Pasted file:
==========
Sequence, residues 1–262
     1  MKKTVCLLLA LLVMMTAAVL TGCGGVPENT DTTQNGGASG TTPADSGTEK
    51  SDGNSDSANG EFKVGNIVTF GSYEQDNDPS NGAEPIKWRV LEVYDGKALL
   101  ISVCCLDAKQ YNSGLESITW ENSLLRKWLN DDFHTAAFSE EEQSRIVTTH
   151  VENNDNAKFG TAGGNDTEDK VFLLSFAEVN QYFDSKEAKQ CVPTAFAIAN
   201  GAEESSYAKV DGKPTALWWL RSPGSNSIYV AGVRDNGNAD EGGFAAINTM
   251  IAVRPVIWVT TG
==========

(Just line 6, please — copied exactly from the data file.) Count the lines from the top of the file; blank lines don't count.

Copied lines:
   201  GAEESSYAKV DGKPTALWWL RSPGSNSIYV AGVRDNGNAD EGGFAAINTM